3. 3. International Journal of Wisdom Based Computing, Vol. 1 (2), August 2011 30 Tabel 1 shows that the aspect ratios of all transistor to operate in saturation. TABLE I . TRANSISTOR ASPECT RATIOS Transistor W/L ratio M1,M2 10/0.35 M3,M4,M5 1.4/0.35 M6 34/0.35 M7 12/0.35 M8,M9,M10,M11,M12,M13 1.4/0.35 IV. OP-AMP SIMULATIONS A practical version of the two stage op-amp is shown in the fig. 2 the gain of the op-amp is mainly depends on input differential stage the DC gain is largely unaffected by choice of P-channel or N-channel input pair maximizes the slew rate [5]. Having a p-channel input first stage implies that the second stage has an n-channel input drive transistor of the second stage, which maximizes the transconductance of the drive transistor of the second stage which is critical when high frequency operation is important. Typically, p-channel transistors have less 1/f noise than n-channel transistors since their majority carriers (holes) have less potential to be trapped in surface state [7]. The second stage gain stage is simply a common source gain stage with the p-channel active load. Here pole-zero compension is used. Bias circuit is actively designed. The simulated output frequency response is shown in fig. 3 and 4 here 0.35µm TSMC IC studio is used for simulation. By operating all transistor in to saturation region power consumption and slew rate is reduced but GBW product remain constant. Figure 2. Two stage OTA The simulated output frequency response is shown in fig. 3 and 4 here 0.35µm TSMC IC studio is used for simulation. By operating all transistor in to saturation region power consumption and slew rate is reduced but GBW product remain constant. V. CONCLUSION Design of OTA is vital importance in integrated continuous-time filters. An 350nm OTA with gain of ~48Db for both 3.3V and 1.8V without using gain boosting technique and it consume less power for low voltage. This OTA can further be used for analog portable devices. Behavioral simulation indicates that slew rate is 25V/µs, GBW of 10MHz is sufficient to design modular circuit of Digital-Audio Sigma-Delta modulator. Figure 3 Vdd=1.8V OTA gain and phase plot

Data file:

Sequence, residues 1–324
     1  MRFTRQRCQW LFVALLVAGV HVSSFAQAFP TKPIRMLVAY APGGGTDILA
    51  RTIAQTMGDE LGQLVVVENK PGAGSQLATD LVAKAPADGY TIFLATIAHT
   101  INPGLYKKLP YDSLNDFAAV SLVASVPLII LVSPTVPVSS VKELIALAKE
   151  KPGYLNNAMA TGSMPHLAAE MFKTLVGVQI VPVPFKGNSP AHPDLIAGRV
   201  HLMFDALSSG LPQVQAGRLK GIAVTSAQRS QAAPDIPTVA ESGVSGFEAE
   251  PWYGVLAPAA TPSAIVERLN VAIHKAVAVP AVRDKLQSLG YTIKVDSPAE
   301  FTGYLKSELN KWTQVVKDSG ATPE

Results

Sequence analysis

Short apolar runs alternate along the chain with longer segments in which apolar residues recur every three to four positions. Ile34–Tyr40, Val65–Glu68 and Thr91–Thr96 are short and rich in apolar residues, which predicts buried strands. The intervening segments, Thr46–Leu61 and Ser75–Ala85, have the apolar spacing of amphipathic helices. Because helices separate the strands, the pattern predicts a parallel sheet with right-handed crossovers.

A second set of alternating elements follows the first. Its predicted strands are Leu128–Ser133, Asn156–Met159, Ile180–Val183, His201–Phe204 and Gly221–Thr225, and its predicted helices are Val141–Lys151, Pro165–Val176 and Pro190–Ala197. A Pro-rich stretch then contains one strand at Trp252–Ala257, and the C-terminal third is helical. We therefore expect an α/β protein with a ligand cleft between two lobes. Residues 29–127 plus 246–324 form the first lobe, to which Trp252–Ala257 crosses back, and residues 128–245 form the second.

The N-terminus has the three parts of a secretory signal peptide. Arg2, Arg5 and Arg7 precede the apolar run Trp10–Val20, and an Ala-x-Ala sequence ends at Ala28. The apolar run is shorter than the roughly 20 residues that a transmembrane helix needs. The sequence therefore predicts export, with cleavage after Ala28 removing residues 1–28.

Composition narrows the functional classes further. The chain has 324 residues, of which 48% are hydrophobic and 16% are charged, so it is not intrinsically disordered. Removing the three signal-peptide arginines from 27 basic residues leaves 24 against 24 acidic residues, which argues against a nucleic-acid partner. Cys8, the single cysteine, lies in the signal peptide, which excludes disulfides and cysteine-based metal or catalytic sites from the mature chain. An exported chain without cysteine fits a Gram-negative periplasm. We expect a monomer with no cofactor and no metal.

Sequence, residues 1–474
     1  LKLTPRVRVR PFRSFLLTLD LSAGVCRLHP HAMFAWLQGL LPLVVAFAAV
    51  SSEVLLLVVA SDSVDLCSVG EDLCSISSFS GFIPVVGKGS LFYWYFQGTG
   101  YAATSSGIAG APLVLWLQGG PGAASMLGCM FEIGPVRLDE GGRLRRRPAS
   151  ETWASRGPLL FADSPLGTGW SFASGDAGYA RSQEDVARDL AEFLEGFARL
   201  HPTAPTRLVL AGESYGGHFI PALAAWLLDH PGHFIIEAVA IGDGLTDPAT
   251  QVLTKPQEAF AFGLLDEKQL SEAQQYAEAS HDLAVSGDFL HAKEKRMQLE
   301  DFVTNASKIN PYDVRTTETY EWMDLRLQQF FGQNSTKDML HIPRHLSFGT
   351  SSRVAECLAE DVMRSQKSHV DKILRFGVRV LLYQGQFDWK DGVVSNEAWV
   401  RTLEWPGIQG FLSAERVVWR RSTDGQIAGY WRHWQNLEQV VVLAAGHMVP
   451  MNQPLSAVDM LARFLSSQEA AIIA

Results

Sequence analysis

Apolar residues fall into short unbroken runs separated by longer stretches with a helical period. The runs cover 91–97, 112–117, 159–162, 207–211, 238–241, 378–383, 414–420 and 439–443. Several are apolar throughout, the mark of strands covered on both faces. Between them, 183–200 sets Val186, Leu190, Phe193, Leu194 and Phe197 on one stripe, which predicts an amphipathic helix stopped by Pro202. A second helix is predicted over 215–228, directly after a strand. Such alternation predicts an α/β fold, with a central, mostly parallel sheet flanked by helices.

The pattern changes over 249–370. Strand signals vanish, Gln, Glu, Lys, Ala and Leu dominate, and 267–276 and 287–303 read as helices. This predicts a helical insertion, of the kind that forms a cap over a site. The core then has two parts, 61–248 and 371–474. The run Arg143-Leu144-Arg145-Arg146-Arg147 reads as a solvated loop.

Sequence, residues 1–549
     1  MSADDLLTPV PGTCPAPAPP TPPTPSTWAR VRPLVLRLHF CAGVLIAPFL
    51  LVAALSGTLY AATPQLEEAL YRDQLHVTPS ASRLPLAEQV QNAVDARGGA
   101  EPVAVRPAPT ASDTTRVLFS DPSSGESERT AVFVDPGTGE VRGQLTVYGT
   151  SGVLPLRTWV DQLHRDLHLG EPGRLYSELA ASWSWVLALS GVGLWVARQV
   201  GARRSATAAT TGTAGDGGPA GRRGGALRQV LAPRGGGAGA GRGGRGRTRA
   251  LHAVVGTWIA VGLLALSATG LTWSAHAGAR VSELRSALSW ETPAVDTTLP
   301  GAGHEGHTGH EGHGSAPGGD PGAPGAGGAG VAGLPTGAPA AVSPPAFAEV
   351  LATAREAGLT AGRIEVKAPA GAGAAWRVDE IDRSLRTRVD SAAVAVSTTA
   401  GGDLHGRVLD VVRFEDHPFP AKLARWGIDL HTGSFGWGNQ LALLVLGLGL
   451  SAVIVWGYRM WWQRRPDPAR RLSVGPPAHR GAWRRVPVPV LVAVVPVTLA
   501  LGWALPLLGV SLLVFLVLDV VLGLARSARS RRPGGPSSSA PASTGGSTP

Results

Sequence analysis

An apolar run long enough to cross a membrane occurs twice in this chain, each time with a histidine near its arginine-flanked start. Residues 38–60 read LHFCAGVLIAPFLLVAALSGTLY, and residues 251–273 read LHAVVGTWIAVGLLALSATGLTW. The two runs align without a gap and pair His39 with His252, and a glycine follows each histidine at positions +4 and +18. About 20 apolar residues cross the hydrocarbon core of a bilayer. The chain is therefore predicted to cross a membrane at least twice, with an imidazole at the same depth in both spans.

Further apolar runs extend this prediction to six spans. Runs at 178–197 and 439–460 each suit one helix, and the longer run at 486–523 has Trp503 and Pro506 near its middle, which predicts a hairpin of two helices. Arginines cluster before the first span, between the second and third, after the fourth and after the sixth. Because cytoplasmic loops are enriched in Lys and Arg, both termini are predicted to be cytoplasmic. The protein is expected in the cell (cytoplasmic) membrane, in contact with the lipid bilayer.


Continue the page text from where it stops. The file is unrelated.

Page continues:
4. 4. International Journal of Wisdom Based Computing, Vol. 1 (2), August 2011 31 Figure. 4 Vdd=3.3V OTA gain and phase plot TABLE II. SIMULATED PARAMETERS OF OP-AMP Parameters VDD=3.3V VDD=1.8V DC gain 48dB 46dB Power consumed 3.4mW 23µW Gain Margin 50dB 36dB Phase Margin 61º 63º Slew Rate(V/µs) 26 2 GBW(Hz) 10M 10M ACKNOWLEDGMENT The authors would like to thank Prof. (Mr.)Anand D.Darji Assistant Professor, Electronics Department of Sardar Vallabhbhai National Institute of Technology Surat co-incharge of SMDP-II project, facility for providing at VLSI Design Laboratory. The authors would also like to thank Dr. (Mrs.) Suprava Patnaik,Associate Professor and Head of Electronics Engineering Department, Sardar Vallabhbhai National Institute of Technology Surat and Prof. Mr. Jignesh Sarvaiya Assistant Professor & PG In-charge at Sardar Vallabhbhai National Institute of Technology, Surat for their support. REFERENCES [1] J. Ramrez-Angulo, S. C. Choi, and G. Gonzlez-AltamiranoG, “Low-voltage circuits building blocks using multiple-input floating-gate transistors”, IEEE Transactions on Circuits and Systems—Part I: Fundamental Theory and Applications, 29:971 – 974, November 1995 [2] B. J. Blalock and P. E. Allen, “A One-Volt, 120-µW, 1-MHz OTA for Standard CMOS Technology”, In Proceedings IEEE International Symposium on Circuits and Systems (ISCAS), pages 305 – 307, May 1996. [3] Libin Yao, Michiel Steyaert and Willey Sassen “Low Power Low Voltage Sigma Delta Modulators In Nanometer Cmos ” Springer,2006 [4] E. Seevinck, M. du Plessis, T.-H. Joubert, and A. E. Theron, “Active bootstrapped gain-enhancement technique for low- voltage circuits”, IEEE Transactions on Circuits and Systems—Part II: Analog and Digital Signal Processing, 45:1250 – 1254, September 1998. [5] P. Yu and H. Lee, “A high-swing 2-V CMOS operational amplifier with replica-amp gain enhancement”, IEEE Journal of Solid-State Circuits, 28:1265–1272, December 1993. [6] Jirayuth Mahattanakul, and Jamorn Chutichatuporn “Design Procedure for Two-Stage CMOS Opamp With Flexible Noise- Power Balancing Scheme” IEEE Transactions on circuits and systems -I: Regular Papers, Vol. 52, No. 8, August- 2005. [7] D. Johns and K. Martin, “Analog Integrated Circuit Design” New York: Wiley, 1997. [8] B. Razavi,” Design of Analog CMOS Integrated Circuits.”New York: McGraw-Hill, 2000 [9] S.Rabbi and B.A. Wooley “A 1.8V Digital-Audio Sigma-Delta Modulator in 0.8µm CMOS”,IEEE Journal of solid-State circuits. pp. 783-795 Vol.32,1997 [10] Paul R. Gaul and Robert G.Mayer “MOS Operational Amplifier Design-a tutorial overview” IEEE Journal of solid- State circuits, Vol. SC-17, No. 6, December 1982